RIO DE JANEIRO -- For Brazil, it was the upside-down World Cup.
Brazilians lost at what they were certain they would win -- soccer -- and won where so many expected failure -- organization.
For years, the country's government has endured grueling criticism from FIFA over severely delayed stadiums. Leaders rode out a wave of protests last year over billions spent on the tournament despite poor public services. Foreign tabloids warned fans of man-eating snakes and violence, while domestic newspapers grilled officials over every imaginable aspect of Cup preparations.
Many serious doubts remain: about corruption related to World Cup works; whether the country will see economic benefits from hosting the games; and whether dozens of infrastructure projects promised as the biggest legacy of the event will ever be completed.
But there is no question that the goal of giving the world a smoothly run, exuberant sporting spectacle surpassed all expectations.
"I think it's been awesome," said Scott Zapczysky, a 39-year-old jiu jitsu instructor from Michigan, as he took in the final match at the Fan Fest on Copacabana beach Sunday night. "I thought it was going to be an enormous disaster, to be honest. But it looks good. I think people are really happy."
Brazilians would disagree with him on one point: They were crushed by their team's historic 7-1 loss in the semifinals, followed by a 3-0 drubbing in the consolation game.
Still, President Dilma Rousseff took clear delight in the Cup's success, and in handing her critics a plate of humble pie.
Speaking to a group of foreign journalists on the eve of the tournament's close, she said she had never seen an event that faced such intense scrutiny.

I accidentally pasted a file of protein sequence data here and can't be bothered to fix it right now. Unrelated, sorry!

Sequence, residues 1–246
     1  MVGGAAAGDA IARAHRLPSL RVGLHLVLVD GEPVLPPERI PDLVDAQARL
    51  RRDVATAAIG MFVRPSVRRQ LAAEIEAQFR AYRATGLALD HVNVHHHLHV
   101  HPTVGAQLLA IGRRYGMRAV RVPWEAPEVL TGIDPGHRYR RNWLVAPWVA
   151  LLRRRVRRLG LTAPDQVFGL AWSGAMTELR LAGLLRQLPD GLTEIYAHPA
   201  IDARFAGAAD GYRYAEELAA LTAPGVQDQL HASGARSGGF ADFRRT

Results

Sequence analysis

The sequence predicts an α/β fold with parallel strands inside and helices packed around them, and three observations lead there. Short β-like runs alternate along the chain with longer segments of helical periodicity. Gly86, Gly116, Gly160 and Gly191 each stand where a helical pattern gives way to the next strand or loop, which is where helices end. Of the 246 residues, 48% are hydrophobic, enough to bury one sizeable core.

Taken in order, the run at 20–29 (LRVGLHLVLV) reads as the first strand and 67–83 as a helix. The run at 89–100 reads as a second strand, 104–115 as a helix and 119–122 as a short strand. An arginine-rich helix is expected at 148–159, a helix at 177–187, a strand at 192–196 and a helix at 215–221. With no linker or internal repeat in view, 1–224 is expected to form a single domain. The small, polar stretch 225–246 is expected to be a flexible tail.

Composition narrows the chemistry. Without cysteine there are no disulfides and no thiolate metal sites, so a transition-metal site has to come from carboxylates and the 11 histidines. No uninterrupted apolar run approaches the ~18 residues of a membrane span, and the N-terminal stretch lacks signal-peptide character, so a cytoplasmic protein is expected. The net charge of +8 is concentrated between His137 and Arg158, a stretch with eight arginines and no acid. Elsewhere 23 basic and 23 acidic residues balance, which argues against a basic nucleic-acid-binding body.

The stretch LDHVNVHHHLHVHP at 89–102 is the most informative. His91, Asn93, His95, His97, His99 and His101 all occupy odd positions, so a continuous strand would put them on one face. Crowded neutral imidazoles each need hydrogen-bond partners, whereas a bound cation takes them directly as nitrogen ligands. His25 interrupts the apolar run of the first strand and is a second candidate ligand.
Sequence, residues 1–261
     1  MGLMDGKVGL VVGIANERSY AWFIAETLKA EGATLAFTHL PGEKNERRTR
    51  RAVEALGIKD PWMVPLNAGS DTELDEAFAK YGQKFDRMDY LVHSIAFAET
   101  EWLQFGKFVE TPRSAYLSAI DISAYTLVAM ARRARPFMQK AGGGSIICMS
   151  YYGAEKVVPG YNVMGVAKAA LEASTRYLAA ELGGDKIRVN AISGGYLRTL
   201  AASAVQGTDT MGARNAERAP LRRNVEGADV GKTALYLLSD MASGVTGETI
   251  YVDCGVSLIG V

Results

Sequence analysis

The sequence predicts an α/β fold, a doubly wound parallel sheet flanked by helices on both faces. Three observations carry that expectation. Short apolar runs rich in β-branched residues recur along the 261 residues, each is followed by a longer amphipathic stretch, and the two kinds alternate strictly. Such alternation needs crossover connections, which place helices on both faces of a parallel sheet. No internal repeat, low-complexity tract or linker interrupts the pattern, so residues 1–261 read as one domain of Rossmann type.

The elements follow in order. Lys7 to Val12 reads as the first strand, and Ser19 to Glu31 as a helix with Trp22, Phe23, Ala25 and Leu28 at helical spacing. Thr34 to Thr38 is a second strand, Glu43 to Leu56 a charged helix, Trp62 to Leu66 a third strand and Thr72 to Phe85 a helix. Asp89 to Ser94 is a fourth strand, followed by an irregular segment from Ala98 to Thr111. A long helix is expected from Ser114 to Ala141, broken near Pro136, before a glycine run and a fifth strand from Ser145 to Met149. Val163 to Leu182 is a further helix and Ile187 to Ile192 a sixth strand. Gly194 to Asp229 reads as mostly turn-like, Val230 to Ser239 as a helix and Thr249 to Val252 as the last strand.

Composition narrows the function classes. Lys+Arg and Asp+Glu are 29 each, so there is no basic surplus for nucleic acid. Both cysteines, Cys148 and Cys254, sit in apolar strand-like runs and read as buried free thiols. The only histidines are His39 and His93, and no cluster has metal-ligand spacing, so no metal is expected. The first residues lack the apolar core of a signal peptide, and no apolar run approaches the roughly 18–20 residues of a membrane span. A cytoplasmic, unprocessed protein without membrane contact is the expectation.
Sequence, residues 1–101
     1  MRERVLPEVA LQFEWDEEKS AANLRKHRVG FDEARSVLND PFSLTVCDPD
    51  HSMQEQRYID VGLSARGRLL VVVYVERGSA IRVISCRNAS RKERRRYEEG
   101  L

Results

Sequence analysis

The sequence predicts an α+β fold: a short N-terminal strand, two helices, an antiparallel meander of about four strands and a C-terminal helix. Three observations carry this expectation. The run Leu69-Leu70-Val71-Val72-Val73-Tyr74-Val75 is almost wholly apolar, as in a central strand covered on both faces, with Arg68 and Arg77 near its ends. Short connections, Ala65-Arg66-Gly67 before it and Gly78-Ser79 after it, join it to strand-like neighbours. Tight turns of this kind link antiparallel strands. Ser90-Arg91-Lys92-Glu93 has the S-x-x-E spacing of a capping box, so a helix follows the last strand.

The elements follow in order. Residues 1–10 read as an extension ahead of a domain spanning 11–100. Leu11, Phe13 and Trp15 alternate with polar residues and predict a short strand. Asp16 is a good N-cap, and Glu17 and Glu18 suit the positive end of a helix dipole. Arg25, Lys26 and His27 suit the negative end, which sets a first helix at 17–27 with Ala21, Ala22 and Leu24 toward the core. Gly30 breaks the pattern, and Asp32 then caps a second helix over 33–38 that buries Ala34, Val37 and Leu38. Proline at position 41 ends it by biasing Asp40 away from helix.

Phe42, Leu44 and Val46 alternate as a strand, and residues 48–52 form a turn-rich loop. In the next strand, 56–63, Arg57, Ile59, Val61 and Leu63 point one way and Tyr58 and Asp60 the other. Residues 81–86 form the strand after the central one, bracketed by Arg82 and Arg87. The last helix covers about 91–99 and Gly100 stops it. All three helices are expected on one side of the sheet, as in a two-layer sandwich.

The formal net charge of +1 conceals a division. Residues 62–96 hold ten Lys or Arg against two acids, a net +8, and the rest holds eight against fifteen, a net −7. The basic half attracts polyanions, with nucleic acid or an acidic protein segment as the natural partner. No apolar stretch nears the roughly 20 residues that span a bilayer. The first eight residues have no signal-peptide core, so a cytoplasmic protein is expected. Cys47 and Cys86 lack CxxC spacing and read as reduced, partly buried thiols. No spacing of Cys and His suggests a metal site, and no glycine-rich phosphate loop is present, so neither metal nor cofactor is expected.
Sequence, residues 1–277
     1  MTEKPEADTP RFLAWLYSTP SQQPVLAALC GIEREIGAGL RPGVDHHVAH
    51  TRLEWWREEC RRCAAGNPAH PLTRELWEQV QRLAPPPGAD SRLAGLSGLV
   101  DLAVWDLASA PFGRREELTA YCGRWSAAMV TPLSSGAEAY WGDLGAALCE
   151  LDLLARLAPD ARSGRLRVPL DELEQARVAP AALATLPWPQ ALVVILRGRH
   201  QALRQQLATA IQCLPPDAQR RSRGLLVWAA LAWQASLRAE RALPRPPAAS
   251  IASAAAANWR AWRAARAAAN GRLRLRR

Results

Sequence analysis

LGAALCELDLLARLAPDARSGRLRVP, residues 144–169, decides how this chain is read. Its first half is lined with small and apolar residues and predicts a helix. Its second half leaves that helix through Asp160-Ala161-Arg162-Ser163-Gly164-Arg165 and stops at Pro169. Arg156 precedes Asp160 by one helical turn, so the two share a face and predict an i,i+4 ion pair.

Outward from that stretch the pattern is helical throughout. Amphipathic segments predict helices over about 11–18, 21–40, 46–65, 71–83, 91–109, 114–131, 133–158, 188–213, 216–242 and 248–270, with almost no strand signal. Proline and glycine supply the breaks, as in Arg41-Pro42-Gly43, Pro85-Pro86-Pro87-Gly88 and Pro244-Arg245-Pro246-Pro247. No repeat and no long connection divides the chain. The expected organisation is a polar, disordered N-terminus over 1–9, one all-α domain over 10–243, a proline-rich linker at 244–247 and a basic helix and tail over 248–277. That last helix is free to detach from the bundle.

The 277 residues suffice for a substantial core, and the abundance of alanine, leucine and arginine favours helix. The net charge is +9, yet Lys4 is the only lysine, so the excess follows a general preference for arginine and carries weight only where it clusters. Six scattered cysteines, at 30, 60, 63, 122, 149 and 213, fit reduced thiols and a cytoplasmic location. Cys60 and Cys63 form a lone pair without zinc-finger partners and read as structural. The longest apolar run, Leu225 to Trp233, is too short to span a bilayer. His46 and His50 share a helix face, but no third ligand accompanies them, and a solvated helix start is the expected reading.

"Well," she said, "we've eliminated the doubts of all who didn't believe in us."
Rousseff also said the success of the Cup gives the country confidence in its ability to pull off its next mega-event, the 2016 Summer Olympics in Rio.
For Eliane Cantanhede, a Brazilian political commentator known for penetratingly humorous observations in the Folha de S. Paulo newspaper, the event "truly surprised everybody."
"The whole world thought the Cup would be full of problems -- and it was a success," she said. "And everybody thought that Brazil's team would win the Cup -- and it was a disaster. It was a double surprise!"
Cantanhede noted that Brazil under Rousseff has been less assertive in world affairs than it was under former leader Luiz Inacio Lula da Silva, who used his natural showmanship to project an image of Brazil as a confident, on-the-rise nation.
"But with the Cup, Brazil has recuperated quite a bit of its positive image," Cantanhede said. "The world has seen beautiful stadiums and cities, airports that worked well and the warmth of the Brazilian people."
Brazil was helped by foreign fans arriving with a spirit of adventure. Nobody expected to see the sort of comforts or precise organization seen at the 2006 World Cup in Germany. And to be sure, there were problems.
Traffic jams plagued cities like Rio and Sao Paulo each time a match was played. Airports, while efficient in moving hundreds of thousands of fans around 12 host cities, lacked the creature comforts Europeans or North Americans are used to. Petty crimes such as pickpocketing and muggings were often a complaint.
But there were no mass protests like those witnessed during last year's Confederations Cup, the World Cup's warm-up soccer tournament. Strikes by public transport workers and police that many feared would hurt the event were resolved in the days before the tournament began. The stadiums held up well despite some concerns about their structural safety.
What's left now is for Brazilians themselves to decide if the $13.5 billion spent in preparations was worth it.
"I'm still upset. There was so much spending to build world-class stadiums while our hospitals and schools remain a mess," said Laeste de Santana, a 50-year-old barber in Rio. "These problems won't go away because of the Cup. These are things that we Brazilians still have to live with once the tournament is over."
But Rio taxi driver Paulo Oliveira saw the Cup in a more positive light.
"It was a beautiful event. We showed the world the true Brazilian tradition of opening our arms open wide for foreign visitors and embracing them with our joy and warmth," he said. "Our country has really advanced in the last 10 years. We've still got a lot of problems, of course, primarily with infrastructure and poverty, and visitors saw that. But in my cab, at least, during the past month all I saw were gringos with smiling faces."